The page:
The Arctic bears are definitely imbued with the message of despair in their suffocating cages. With their heavy coats of brown fur, the heat must be intolerable in the summer. One of them has lost his mind and moves his head unceasingly from side to side, like a mad patient in a lunatic asylum. The other lies on his back in his tiny cage in the torrid heat panting frenetically and helplessly.
The mangy, noisome wolves live in a metal run with tiny concrete bunkers. They are very skinny and smelly and have bare patches of mange in many places. They look like something out of a horror movie
An animal I have seen so many times running wild and free in southern Africa, the waterbuck with her beautiful baby, was imprisoned in a another small caged area, totally unsuitable for its natural needs.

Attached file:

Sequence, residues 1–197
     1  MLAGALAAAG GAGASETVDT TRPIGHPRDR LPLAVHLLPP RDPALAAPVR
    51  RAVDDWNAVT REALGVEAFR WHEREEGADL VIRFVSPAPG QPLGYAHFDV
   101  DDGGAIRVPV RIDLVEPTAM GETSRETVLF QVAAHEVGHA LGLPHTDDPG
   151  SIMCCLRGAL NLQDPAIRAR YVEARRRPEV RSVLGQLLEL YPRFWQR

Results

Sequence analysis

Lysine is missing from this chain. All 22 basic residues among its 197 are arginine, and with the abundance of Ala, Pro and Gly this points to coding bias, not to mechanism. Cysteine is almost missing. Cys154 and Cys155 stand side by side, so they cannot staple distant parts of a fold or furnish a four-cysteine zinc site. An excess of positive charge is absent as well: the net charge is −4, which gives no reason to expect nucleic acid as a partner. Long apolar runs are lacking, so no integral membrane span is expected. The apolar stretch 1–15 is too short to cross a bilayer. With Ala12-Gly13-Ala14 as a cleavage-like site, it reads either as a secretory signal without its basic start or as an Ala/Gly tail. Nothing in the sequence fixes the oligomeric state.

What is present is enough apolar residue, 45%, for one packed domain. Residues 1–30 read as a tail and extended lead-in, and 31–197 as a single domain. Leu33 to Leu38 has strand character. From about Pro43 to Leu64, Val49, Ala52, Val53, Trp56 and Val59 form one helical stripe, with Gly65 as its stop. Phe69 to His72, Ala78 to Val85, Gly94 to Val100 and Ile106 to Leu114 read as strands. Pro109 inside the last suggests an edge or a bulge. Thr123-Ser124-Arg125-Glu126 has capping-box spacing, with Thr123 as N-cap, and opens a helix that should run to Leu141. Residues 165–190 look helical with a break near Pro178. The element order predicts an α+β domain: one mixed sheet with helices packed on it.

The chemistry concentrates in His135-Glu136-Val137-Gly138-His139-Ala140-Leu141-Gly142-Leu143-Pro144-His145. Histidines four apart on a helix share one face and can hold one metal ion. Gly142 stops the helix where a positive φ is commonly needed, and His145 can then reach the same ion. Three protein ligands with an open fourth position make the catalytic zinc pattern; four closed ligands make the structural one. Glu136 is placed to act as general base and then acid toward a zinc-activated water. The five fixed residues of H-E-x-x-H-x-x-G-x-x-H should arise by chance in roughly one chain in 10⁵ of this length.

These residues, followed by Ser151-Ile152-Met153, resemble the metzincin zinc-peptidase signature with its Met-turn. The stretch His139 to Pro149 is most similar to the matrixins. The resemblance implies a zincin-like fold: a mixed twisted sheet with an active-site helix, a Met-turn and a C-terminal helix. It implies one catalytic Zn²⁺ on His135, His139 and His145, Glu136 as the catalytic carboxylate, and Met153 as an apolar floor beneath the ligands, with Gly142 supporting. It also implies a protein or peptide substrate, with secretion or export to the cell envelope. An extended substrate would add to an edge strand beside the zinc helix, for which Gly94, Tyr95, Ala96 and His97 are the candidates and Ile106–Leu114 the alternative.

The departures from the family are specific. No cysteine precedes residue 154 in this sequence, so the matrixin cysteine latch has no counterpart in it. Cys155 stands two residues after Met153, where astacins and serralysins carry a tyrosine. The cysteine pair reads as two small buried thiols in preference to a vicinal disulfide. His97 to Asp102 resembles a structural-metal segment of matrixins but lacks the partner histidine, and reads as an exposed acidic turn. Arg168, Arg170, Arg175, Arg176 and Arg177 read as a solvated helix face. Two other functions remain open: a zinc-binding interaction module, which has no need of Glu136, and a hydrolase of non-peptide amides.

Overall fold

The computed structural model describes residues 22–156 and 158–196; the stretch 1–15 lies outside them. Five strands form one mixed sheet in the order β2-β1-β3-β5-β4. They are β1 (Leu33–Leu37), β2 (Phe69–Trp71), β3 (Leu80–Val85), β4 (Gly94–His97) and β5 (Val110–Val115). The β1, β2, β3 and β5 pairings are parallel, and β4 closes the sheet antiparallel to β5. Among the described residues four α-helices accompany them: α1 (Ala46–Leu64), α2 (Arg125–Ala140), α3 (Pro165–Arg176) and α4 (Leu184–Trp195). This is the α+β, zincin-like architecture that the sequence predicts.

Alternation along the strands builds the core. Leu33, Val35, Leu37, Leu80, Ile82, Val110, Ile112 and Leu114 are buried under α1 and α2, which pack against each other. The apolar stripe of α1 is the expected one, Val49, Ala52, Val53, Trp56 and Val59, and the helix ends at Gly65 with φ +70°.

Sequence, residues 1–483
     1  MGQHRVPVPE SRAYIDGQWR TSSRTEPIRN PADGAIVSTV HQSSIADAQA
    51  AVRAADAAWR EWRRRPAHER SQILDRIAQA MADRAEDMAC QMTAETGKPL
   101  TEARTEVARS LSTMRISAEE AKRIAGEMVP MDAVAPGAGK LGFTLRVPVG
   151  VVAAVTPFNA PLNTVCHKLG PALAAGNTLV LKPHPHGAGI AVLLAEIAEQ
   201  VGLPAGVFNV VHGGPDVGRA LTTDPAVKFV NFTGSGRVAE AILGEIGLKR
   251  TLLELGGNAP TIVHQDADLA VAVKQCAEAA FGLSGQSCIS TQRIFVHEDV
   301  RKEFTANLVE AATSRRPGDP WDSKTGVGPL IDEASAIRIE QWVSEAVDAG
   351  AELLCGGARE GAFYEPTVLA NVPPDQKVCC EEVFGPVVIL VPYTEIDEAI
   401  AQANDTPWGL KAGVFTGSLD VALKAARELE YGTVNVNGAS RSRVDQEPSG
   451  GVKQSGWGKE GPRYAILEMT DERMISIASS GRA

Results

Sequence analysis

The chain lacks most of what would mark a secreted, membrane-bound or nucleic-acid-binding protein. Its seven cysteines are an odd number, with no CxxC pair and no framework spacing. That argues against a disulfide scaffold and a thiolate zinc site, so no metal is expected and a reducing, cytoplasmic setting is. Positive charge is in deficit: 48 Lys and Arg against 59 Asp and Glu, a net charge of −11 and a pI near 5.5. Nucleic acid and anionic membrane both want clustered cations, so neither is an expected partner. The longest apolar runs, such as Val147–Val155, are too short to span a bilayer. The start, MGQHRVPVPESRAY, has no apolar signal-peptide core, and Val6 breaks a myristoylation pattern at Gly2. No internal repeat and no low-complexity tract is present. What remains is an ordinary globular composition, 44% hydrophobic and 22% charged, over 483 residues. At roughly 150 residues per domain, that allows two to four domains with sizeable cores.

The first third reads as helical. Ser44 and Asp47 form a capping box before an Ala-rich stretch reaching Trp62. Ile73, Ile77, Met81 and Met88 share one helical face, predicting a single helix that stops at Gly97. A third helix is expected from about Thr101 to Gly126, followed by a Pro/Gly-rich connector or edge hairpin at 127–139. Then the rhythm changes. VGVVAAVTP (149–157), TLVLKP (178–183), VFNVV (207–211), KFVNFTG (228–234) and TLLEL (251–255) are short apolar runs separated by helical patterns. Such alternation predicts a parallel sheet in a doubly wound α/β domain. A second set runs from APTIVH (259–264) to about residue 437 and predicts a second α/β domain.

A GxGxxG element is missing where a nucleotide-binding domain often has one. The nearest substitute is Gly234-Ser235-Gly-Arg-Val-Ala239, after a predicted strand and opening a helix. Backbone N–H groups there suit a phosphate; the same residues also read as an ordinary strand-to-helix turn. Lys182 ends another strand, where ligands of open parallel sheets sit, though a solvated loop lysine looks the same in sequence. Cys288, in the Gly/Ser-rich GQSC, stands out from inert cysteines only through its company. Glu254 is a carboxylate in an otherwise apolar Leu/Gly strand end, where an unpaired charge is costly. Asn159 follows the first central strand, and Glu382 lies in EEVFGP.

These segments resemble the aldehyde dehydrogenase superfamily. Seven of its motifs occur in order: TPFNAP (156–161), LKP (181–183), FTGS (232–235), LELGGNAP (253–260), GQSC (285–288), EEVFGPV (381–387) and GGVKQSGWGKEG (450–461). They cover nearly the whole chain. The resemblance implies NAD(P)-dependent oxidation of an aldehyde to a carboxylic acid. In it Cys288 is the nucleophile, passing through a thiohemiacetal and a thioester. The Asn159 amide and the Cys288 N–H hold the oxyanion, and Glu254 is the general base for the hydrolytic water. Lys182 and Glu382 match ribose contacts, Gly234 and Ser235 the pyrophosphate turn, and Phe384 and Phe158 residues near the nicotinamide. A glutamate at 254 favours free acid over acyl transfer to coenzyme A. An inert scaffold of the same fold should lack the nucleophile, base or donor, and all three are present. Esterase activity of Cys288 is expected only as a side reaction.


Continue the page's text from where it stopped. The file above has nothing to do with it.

The hippo pool is fetid, green and stinking- I was glad I did not see the hippo in it. Hippos are superb swimmers and travel great distances underwater using their little protruding ears as gyroscopes to navigate. They need large areas of clean flowing water to practise their aquatic skills.
I avoided locating the baboons and other primates for fear of what I would see and we decided to get out of there as quickly as possible.
We live in a beautiful area with so much potential but the pain and suffering of these animals must impact on all of us along this Costa Tropical and beyond.